Much to China’s rage, the US is calling on other countries to support an invitation to Taiwan to join the World Health Organization. However, the Taiwan issue goes much deeper than WHO membership, and it’s approaching a boiling point.
The Taiwan Problem
It is common knowledge that China wants to keep Taiwan isolated from the international community. Recent headlines are centered around China’s efforts to keep Taiwan out of the World Health Organization. However, China actually considers Taiwan a breakaway province, and its ultimate goal is to reabsorb Taiwan into the mainland’s control. The WHO controversy is just one part of a much larger story. The US has always played a major role in it.
The history of the Taiwan issue goes back to the Chinese Civil War, in which the Communist Party won control of the mainland, and the opposing Nationalists fled to the island of Taiwan. Taiwan’s leadership, an ally of the free world, was considered the rightful government of China for decades by countries in Western Europe and the Americas, even while the Communist Party maintained total control over the mainland.
Canada backs U.S.-led effort to allow Taiwan to be granted observer status at WHO because of its early success in containing COVID-19. The move is politically sensitive because China considers Taiwan a breakaway province. https://t.co/alSfopO9K8
— CBC News Alerts (@CBCAlerts) May 9, 2020
This made it impossible to have diplomatic relations with the obvious ruling government in China. Eventually, the world, led by the United States, accepted the People’s Republic of China as a legitimate country, which also meant rejecting the legitimacy of Taiwan’s government.
In a rather odd situation, the US has since maintained its close relationship with Taiwan. The countries are allies despite the US snubbing Taiwan as a sovereign country and ending official diplomatic relations. Conversely, it maintains official relations with Beijing while also considering the country as a strategic adversary.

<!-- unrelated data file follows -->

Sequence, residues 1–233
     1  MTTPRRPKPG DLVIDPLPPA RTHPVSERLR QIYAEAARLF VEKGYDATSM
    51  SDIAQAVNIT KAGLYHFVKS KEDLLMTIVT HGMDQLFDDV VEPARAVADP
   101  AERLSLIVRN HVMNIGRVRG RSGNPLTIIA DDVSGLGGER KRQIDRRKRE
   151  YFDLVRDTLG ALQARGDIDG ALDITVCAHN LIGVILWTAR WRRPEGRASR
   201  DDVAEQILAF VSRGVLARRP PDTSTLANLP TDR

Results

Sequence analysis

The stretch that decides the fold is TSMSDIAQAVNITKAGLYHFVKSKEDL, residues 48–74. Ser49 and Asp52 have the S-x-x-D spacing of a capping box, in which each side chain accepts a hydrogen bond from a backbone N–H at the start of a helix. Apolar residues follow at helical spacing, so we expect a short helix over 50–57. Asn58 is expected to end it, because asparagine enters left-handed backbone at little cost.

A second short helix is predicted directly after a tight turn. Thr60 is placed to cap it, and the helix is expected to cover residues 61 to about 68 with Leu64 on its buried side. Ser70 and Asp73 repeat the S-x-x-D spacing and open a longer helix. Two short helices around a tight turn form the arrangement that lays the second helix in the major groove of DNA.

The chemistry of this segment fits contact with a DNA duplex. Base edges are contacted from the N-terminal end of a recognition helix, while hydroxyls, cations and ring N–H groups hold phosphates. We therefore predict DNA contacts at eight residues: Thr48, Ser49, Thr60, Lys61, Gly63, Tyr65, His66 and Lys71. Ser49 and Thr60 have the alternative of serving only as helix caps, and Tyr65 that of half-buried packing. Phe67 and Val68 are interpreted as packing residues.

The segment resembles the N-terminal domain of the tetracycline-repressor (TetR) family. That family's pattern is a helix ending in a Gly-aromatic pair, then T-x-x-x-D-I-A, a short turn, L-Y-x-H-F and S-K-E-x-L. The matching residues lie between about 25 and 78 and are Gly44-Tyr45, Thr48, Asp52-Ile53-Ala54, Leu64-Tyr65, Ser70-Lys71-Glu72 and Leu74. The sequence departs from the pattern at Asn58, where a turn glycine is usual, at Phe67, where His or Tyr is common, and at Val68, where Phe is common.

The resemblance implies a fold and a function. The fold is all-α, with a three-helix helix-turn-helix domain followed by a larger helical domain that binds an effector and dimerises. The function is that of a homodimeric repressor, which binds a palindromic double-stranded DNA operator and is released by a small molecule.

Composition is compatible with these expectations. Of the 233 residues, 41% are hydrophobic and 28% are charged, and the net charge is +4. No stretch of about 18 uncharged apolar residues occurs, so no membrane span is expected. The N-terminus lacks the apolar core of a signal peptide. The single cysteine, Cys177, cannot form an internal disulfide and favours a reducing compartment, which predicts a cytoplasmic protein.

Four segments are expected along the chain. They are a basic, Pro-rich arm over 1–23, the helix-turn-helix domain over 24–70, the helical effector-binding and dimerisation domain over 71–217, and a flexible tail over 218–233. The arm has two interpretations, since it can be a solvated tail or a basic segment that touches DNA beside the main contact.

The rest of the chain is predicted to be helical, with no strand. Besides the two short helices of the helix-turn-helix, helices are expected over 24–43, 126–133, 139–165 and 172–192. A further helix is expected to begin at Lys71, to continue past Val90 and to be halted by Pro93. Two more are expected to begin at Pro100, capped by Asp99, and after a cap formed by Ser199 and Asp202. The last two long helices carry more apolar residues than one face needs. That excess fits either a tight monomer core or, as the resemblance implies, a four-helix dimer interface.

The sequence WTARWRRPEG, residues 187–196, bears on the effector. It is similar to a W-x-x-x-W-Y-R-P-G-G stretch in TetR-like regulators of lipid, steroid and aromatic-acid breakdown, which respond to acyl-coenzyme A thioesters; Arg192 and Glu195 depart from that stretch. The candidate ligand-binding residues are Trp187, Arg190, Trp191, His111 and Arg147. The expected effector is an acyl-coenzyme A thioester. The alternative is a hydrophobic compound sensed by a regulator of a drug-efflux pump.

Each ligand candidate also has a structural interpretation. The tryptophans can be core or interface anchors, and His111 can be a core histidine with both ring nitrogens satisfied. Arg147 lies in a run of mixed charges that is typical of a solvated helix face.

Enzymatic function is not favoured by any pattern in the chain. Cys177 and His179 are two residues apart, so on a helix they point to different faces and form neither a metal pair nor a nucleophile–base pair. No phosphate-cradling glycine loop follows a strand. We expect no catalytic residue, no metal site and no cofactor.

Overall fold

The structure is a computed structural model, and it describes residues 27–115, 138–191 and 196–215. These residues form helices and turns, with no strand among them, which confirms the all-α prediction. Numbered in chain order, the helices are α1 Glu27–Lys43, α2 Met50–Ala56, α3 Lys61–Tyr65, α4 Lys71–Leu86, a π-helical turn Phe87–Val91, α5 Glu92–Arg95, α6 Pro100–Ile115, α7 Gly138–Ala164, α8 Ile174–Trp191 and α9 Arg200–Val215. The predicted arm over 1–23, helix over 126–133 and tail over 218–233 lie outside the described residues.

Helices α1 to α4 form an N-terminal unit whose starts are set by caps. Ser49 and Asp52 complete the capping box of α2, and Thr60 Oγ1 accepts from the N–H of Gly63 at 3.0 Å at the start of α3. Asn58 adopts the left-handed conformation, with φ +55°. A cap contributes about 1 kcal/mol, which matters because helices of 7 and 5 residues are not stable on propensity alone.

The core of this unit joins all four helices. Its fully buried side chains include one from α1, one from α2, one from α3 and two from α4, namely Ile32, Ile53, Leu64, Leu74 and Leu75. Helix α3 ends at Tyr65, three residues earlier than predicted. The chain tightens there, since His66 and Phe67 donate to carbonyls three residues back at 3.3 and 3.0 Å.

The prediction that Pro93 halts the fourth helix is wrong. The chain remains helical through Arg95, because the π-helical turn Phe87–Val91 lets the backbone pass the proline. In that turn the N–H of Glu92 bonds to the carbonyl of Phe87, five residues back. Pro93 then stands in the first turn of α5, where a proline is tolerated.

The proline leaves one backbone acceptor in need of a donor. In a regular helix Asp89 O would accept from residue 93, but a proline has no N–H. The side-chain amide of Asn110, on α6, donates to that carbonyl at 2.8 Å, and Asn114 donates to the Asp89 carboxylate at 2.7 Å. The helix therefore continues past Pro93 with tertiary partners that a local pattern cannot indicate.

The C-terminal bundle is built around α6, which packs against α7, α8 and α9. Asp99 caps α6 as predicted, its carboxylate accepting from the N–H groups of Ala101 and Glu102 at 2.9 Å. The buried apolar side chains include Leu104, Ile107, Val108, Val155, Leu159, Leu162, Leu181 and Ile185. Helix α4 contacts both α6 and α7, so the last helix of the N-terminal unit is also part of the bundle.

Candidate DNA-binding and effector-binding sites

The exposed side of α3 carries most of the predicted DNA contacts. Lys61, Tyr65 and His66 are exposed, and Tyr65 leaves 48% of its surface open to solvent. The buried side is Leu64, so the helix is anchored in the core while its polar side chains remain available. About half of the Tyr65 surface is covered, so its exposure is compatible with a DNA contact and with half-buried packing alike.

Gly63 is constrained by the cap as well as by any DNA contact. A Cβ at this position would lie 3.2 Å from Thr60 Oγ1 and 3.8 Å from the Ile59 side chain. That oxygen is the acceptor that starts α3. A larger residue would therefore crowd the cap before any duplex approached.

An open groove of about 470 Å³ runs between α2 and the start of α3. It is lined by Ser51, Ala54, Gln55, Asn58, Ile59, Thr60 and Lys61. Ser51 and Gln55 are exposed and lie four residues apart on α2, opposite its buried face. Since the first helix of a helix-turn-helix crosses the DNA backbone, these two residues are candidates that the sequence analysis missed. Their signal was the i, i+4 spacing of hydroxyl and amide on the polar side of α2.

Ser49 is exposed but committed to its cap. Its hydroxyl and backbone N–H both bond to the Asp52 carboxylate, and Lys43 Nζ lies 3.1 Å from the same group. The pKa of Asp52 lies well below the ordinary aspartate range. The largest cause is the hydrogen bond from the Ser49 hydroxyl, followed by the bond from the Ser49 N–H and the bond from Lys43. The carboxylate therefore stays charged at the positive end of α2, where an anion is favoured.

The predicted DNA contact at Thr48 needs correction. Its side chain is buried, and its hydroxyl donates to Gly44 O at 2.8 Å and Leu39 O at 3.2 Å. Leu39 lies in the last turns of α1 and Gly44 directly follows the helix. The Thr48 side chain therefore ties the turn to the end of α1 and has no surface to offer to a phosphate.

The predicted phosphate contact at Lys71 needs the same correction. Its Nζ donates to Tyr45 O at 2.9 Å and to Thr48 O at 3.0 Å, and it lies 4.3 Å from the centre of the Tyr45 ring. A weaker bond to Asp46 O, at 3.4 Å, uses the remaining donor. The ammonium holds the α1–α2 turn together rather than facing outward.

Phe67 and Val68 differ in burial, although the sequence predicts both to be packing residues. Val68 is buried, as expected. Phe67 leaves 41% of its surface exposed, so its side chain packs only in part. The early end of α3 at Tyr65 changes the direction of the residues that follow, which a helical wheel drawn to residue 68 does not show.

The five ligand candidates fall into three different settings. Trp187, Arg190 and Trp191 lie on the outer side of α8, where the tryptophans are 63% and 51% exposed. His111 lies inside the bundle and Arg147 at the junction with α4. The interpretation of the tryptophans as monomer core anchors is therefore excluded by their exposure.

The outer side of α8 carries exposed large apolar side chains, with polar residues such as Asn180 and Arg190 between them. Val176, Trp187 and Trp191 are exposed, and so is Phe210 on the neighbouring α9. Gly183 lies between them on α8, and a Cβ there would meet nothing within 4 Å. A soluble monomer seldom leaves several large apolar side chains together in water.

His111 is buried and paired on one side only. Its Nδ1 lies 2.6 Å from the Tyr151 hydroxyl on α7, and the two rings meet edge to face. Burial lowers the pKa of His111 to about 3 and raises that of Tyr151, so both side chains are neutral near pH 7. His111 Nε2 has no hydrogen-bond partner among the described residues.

This puts the three nations in a fragile balance. The US officially takes communist China’s side as the rightful ruler of Taiwan and the mainland. However, it also provides Taiwan with military hardware to help defend itself from China. The country also indicates a willingness to help defend Taiwan from a Chinese invasion. China, on the other hand, patiently puts up with Taiwan’s de facto independence and international isolation. It runs with the public goal of eventual reunification, by force if necessary.
The End of the Status Quo
For decades, this strange arrangement has maintained a delicate balance between appeasing China’s sensitivities and protecting Taiwan. However, a number of factors have combined to make this balance less likely to survive in the coming years.
One major factor: China is not the same country it was 40 years ago, when this status quo was established. A weak China was willing to accept diplomatic recognition over Taiwan from the United States and most of the world, even if it had to put up with Taiwan’s independence under US protection. Today, China is without question the second most powerful nation in the world.
China is reaching a level of military and economic might that makes Taiwan a tempting prize. That makes the US think twice about going to war to defend the island nation.
A second, related factor is the increasing tension between China and the United States. The relationship between the two countries is at a dramatic low point, made all the worse by the Chinese origin of today’s pandemic, as well as China’s likely cover-up early on.
The US may see this moment as a now-or-never opportunity to save Taiwan from Chinese tyranny, and China will see any act to peel Taiwan away as a direct affront to its sovereignty. If these tensions continue to rise, the result could be a major change to the “Taiwan issue” in the years to come. The conflict over Taiwan’s WHO membership may be the opening salvo of a much larger battle.
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